The alternatives may be cheaper if you can find one that does what you want. But in terms of the ability to quickly throw something together where existing stuff doesn't quite do what you want or is locked down, it looks amazing.

In terms of "serious use" I think that depends on what you mean by "serious". E.g. my hone automation setup is not static, because I keep finding new little things I want to tweak, and often the ready-made solution lack options I'd like to have unless I'm willing to spend time tracking down very specific modules. My time is valuable to me - I'd happily pay extra for a modular system where I know if something is lacking a button for something I want I can literally just plug one in instead of having to search all over for a different model of something.

Of course this will not replace mass market "close enough" solutions.

But I think there are still more than enough people who want to tinker but don't want to have to whip out a soldering iron.

You can always get the same components that this kit uses, solder them together and do it cheaper. Want a dimmer for your smart lights? esp8266 + one of many potentiometers available + maybe an adc if you need more than one. You'll never use this whole kit just for one potentiometer, with the rest of the components in a drawer somewhere, because this would make it too expensive. Cramming multiple modules just not to "waste" them, makes you build a tool around what you have, instead of using just what you really need.
Yes, you can, but I have no interest in building my own. I don't need these things badly enough to be willing to invest much time in it.

Things like a single dimmer etc. is not the problem, because for simple stuff like that there are plenty of off the shelf options.

The issue is anything that deviates from what manufacturers expect. And yes, I'd be happy to use a lot like that for that even at a quite high cost because the existing options to do it cleanly without a self build are also expensive.

Man I so much wish to do something like that, but 40 hour job eats all the time. Can somebody give an advice how to find time to doing such interesting things?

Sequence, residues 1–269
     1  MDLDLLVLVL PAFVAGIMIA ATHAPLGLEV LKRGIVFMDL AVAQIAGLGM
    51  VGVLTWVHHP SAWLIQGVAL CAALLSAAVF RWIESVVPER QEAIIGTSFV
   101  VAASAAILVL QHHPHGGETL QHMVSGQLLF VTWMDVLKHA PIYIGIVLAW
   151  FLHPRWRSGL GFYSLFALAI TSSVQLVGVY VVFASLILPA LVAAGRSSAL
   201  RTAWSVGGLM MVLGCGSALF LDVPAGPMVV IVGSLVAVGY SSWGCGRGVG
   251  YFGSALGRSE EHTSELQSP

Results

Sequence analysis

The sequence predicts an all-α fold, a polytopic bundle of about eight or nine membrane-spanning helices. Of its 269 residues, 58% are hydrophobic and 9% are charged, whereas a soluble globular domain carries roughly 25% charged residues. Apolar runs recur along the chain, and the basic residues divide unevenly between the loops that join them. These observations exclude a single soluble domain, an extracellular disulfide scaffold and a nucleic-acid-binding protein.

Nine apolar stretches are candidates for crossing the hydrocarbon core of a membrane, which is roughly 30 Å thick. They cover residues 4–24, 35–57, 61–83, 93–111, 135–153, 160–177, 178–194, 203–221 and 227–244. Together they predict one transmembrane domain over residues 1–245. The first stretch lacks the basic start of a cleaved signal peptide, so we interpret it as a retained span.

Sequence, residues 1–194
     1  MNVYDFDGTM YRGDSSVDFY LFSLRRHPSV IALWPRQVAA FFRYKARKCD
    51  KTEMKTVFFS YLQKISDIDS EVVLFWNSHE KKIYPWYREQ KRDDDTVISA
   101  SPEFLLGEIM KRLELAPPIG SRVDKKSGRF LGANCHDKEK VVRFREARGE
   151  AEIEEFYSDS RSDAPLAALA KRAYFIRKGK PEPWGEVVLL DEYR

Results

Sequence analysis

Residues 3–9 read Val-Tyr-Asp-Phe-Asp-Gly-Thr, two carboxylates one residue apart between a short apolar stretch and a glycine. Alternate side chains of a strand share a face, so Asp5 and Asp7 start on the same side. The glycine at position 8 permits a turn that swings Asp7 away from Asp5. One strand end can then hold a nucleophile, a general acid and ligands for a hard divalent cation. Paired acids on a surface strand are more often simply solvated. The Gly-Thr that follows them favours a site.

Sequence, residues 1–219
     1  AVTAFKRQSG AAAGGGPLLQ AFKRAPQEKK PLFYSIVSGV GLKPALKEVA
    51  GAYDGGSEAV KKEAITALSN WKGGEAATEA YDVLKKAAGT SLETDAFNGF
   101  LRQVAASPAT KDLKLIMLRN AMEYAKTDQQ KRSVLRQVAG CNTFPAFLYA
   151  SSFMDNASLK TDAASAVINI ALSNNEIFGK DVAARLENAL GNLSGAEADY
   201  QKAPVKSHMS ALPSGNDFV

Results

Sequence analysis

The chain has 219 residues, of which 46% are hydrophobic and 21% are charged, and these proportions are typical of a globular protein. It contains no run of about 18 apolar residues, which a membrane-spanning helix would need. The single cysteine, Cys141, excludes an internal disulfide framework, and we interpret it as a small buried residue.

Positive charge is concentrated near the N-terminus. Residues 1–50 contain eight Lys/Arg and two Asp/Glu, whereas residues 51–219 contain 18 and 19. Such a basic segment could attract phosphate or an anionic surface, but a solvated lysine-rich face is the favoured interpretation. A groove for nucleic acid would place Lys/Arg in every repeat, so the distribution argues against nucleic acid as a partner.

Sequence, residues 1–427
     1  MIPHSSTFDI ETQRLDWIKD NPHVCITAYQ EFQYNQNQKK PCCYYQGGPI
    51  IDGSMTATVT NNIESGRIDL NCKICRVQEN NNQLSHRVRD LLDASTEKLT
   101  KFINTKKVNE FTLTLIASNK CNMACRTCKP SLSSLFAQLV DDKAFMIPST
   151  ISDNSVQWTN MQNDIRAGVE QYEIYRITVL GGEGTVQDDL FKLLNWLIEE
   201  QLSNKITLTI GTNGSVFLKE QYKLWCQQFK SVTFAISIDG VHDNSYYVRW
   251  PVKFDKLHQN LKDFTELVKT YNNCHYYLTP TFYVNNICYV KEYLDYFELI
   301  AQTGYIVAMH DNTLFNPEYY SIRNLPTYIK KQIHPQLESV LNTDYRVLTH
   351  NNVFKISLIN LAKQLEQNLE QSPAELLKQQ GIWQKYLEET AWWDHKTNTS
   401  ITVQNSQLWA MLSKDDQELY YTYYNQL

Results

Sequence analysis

Does not seem possible if you have a family (young kids, especially).
What do you do outside of the 40 hour job?
Spending the money earned, too, takes time.
Like, eating, walking out, talking with wife, reading something, playing xbox occasionally - like the things that I wanna keep even if I do the side project.
You would have to take the time from those things.
Also from job too. Many software shops look at the result, rather than the time spent. Might need to shuffle hours in some jurisdictions though.
What happens when we take this concept into the third dimension—could we assemble these modular blocks into a mass of computronium?

Perhaps slightly more realistically speaking, could they be made stackable? Perhaps this could be a way to set up certain operations, for instance you could have some hardware for doing efficient convolutions on a camera feed as a "middle" block.

Such modular design is tricky. Some parts require close distance to specific components like clocks. OP did a good job by solving such problems.
Whoa! This has the potential to grow to unimaginable scale! I'm seeing star-trek gadgets. I'd love to get my hands on a starter kit.
I can't find any uses of it for me personally but I find this thing incredibly cool and nicely engineered and with attractive design. Could be a gold mine for kids education. Assuming of course there are no similar things from big guys (I've no idea what is really out there in this area).

As a work of a single person this project is totally amazing. The author is a gem.

Can we get internet of things devices with power of ethernet? Seems so much easier that WiFi, Bluetooth and a battery and usb for recharging
That would be excellent. A little box that I can plug in with one wire and be done.

Alternatively, I'd like a software product that makes it a snap to run programs on cloud provider but bridged/tunneled as if they were running on my local lan. I want it to support multicast dns and all of that stuff for things like sonos, zigby, chromecast, airplay, etc.

This is extremely close to what we're building at if you're interested - although after some polls we decided to drop PoE on our first model. Just improved the mDNS support last night!
I can see this as a general-purpose computing device, but what I really want this for is simulation gaming. I could make a new instrument panel for every rocket I build in Kerbal Space Program. A dedicated selection of dials and toggles for every application I use. A different set of gauges and sliders for every plane in DCS! It'd be great!
This is a great design and I absolutely love it. How does one build apps / custom behaviors for the hardware components?
> For this block's current version, I soldered circuitry directly taken from Google's dev board (10:57)

Best line ever :D

It is one thing to have the skill to solder a chip off an existing board without damaging it, but being able to reused the same chip with a completely different hardware interface is just impressive.